The way that Intel Chief Sales and Marketing Officer Sean Maloney talked up energy efficiency at the Cleantech Forum in San Francisco this afternoon, one could easily have mistaken the world’s largest chip maker for a firm tinkering with the power grid. But there are connections between microprocessors and energy consumption — Maloney said that computing power is now cheap enough to be able to help old-skool industries like manufacturing, construction and transportation do the bulk of their design processes virtually, cutting the energy expended to create physical models.
Maloney explained to a group of reporters before the speech that he realized the power of using software and computing to design goods through Intel’s largely virtualized design processes of its chips. He went on to say that more architects need to use widely available simulation software on regular PCs to design buildings with less physical models (which take energy to produce), as well as being able to include energy-efficient aspects of the building within the design from the beginning.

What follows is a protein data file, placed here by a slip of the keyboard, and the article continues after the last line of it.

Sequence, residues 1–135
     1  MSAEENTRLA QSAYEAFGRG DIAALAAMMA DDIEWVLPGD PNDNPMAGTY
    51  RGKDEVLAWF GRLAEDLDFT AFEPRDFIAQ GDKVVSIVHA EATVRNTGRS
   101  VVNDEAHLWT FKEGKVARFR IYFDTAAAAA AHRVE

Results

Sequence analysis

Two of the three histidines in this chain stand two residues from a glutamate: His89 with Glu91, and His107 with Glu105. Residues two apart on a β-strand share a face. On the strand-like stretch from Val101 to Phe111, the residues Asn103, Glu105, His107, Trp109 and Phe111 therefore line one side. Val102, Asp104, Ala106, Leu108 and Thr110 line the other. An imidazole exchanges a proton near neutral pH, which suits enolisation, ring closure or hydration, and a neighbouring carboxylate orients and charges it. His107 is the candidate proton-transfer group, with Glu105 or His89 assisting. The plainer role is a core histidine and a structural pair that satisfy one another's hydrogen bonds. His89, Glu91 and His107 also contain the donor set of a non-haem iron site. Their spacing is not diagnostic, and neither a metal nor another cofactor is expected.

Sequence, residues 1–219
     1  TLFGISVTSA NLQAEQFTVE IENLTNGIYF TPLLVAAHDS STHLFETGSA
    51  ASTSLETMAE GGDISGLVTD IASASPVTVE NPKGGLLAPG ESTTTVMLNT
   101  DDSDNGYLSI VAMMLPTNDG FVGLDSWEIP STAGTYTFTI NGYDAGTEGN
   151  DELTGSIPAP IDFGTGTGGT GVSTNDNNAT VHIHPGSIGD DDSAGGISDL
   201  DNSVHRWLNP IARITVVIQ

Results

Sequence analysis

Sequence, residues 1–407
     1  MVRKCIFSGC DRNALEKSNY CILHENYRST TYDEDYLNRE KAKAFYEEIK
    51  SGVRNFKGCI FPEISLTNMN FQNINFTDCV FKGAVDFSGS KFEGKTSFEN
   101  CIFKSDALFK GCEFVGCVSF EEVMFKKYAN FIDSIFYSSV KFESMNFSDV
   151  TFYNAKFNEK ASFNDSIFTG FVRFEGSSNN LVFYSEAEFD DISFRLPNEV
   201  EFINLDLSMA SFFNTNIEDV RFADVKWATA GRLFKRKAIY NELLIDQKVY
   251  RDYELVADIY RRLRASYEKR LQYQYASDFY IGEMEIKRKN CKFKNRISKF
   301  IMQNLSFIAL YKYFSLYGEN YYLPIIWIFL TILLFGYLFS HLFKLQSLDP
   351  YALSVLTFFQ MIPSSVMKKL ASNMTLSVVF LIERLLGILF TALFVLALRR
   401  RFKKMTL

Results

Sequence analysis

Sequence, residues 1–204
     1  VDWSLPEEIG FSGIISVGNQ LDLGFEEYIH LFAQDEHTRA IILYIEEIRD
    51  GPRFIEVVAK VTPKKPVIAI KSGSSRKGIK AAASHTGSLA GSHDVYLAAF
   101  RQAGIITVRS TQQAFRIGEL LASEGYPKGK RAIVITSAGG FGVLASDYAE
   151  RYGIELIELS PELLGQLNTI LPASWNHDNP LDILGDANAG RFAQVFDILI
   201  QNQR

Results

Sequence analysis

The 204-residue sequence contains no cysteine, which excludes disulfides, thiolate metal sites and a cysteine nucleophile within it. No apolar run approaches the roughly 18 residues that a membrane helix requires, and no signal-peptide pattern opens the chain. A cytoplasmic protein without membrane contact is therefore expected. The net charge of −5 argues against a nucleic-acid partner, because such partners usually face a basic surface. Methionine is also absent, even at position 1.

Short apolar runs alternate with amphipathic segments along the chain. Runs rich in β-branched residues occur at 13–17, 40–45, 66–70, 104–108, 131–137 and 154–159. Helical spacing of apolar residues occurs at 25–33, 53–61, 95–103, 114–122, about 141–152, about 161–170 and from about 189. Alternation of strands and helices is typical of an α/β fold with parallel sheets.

To be sure, the chip maker doesn’t produce building design or product design software — but such a move on the part of architects would help proliferate Intel’s chief business: chips. Basically the more computing power used, the more chips Intel sells. The indirect strategy is not unlike Google’s investments in broadband technology, whereby the more Internet users there are in the world, the more people will search using Google.
So why is Intel pushing the manufacturing, transportation and construction industries to use more computing now? Maloney says that with the passage of the stimulus bill, and similar measures in other countries, the world’s governments will be injecting trillions into those three industries, creating jobs and projects. Intel is lobbying governments around the world to help them allocate the funds effectively by promoting efficient computing-based design processes, according to Maloney. Will the infrastructure boom from the stimulus deliver a boost to the semiconductor biz? Intel hopes so.